The sad thing is that we seem to be cut from the same cloth. Do we still fail to take Christ’s commission seriously?

Bill Ball

Friday, April 17, 2009


(Building on previous posts.)

Some of the clearest parallels between Paul and Jesus are those between Jesus’ discourse on the Mount of Olives as recorded in Matthew 24 and 25 and Paul’s writings in 1 and 2 Thessalonians. Though Jesus’ same discourse is also recorded in Mark and Luke, the parallels are mostly seen in Matthew’s version. Paul wrote these letters around 51 AD, but most scholars date all the Gospels much later. Paul doesn’t quote directly, but he uses the same or similar words in quite a few places. I believe that there are too many parallels for us to just claim coincidence. If I am correct, then we must conclude either that Matthew’s gospel was written much earlier than is supposed (at least in an earlier edition), or that Paul had access to the same sources that Matthew used. Matthew was an eyewitness, though we have no record of Paul and Matthew ever having met.

Both Jesus’ discourse and Paul’s Thessalonians’ passages have to do with eschatology (last things). There is also at least one paragraph in Romans.

Romans 8:22: “… the whole creation groans together and suffers birth pains (sunodineo) until now.”
Matthew 24:8: “All these things are the beginnings of birth pains (odinon).”

2 Thessalonians 2:8, 9: “And then the lawless one will be revealed … whose coming will be according to the working of Satan in all miracles and signs and lying wonders (dunamei kai semeiois kai terasin pseudous).”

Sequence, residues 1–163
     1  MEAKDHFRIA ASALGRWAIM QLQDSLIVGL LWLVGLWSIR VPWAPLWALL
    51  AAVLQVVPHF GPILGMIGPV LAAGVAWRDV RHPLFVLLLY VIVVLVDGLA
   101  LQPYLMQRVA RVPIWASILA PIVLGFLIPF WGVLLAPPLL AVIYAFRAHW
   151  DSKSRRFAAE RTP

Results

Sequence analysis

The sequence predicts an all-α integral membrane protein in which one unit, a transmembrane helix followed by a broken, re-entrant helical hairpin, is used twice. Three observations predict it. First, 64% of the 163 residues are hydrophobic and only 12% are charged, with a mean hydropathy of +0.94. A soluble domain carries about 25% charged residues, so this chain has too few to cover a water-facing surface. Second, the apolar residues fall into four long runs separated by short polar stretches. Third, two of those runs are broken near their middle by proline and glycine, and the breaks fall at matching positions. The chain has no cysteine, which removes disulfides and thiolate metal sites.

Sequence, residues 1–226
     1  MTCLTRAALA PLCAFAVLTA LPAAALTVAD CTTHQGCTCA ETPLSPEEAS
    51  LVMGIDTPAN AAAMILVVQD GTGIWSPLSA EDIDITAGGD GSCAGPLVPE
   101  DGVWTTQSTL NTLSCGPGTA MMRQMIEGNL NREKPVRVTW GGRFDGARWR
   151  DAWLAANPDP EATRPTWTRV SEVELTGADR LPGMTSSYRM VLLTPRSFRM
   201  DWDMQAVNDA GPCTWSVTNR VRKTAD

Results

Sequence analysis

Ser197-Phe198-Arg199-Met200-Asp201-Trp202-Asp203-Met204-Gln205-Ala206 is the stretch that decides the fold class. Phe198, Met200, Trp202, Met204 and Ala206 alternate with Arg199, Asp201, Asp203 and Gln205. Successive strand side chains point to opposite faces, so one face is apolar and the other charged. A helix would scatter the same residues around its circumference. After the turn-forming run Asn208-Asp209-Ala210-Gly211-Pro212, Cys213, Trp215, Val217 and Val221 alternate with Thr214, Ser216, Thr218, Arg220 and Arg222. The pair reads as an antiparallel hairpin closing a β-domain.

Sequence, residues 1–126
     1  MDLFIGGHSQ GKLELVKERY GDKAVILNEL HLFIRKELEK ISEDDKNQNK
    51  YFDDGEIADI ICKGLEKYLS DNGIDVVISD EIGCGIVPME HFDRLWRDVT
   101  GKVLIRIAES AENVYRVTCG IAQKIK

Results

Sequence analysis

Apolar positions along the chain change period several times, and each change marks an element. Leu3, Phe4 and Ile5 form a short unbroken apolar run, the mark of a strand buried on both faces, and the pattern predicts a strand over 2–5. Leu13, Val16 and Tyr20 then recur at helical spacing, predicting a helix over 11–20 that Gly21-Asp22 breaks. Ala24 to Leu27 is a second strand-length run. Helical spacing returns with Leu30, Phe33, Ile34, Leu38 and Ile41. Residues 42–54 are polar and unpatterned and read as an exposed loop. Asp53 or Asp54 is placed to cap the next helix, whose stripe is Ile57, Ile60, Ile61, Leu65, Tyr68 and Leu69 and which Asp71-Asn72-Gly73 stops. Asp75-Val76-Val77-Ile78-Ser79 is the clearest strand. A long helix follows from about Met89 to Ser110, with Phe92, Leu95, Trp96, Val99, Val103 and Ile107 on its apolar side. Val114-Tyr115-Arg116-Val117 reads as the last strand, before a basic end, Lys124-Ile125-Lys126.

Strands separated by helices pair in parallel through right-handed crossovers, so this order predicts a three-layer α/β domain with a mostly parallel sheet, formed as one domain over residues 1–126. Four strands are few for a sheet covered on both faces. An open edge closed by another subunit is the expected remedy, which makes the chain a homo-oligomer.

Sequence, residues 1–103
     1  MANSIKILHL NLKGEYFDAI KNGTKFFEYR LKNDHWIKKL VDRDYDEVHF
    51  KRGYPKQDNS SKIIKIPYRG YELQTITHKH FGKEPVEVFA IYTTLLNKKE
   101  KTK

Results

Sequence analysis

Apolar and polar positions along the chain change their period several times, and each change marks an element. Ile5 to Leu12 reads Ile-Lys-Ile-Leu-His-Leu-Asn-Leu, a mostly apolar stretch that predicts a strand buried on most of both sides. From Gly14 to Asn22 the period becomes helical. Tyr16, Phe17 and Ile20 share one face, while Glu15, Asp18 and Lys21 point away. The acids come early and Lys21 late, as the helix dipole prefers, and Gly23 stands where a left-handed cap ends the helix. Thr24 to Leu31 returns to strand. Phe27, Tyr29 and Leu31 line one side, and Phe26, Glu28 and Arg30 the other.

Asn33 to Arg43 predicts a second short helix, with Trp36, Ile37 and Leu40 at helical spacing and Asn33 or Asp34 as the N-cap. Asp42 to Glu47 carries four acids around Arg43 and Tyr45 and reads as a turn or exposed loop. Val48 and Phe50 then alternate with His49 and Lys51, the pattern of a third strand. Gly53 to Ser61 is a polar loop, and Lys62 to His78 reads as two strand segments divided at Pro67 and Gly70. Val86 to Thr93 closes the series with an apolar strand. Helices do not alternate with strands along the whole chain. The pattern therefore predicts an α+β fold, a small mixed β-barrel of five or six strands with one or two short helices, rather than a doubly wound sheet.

Matthew 24:24: “For there will arise false christs and false prophets and they will give great signs and wonders (semeia kai terata) so as to deceive if possible even the elect.”

1 Thessalonians 5:2, 4: “For you yourselves know perfectly well that the Day of the Lord is coming as a thief in the night (kleptes en nukti) … you brothers are not in darkness that the Day should overtake you as a thief.”
Matthew 24:43: “… if the housemaster had known in what hour the thief was coming …”
Also see Luke 12:39; 2 Peter 3:10; Revelation 3:3; 16:15.

But the most interesting parallels are in the warnings, especially in the play between the words gregoreostay awake (usually translated watch) and katheudosleep.

1 Thessalonians 5:6, 7: “So then, let us not sleep as the rest. But let us stay awake and stay sober, for those who sleep, sleep in the night and those who get drunk get drunk in the night.”

1 Thessalonians 5:9, 10: “… our Lord, Jesus Christ, who died for us, that whether we are awake or asleep we may come to life with Him!”

Matthew 24:42, 43: “Stay awake then, because you don’t know what day your Lord is coming.” “… he would have stayed awake …”

Matthew 25:5 (the parable of the 10 virgins): “And while the bridegroom was delaying they all dosed off and fell asleep.”

Matthew 25:13: “Stay awake then, because you do not know the day or the hour.”

The word gregoreostay awake is sometimes used literally in the New Testament, as in Jesus’ warnings to his disciples in the garden (Mark 14:37, 38, etc.), but it usually has the figurative meaning of “be watchful” or “be alert.”

Similarly katheudosleep or fall asleep, though sometimes used literally in the New Testament, often is used figuratively for spiritual dullness. Often, even when used literally, it still has that connotation as in Matthew 25:5 quoted above.

There is another Greek word for sleep, koimaomai, which is often used as a euphemism for death. Paul uses it in this way in 1 Thessalonians 4:13-15. Jesus uses it as well in John 11:11-13. In fact, Paul always uses koimaomai for death and katheudo for spiritual dullness.

Some have attempted to find an exception in 1 Thessalonians 5:10 quoted above and would interpret it as meaning “whether we are alive or dead.” But both the context and Paul’s consistent usage would argue against this translation.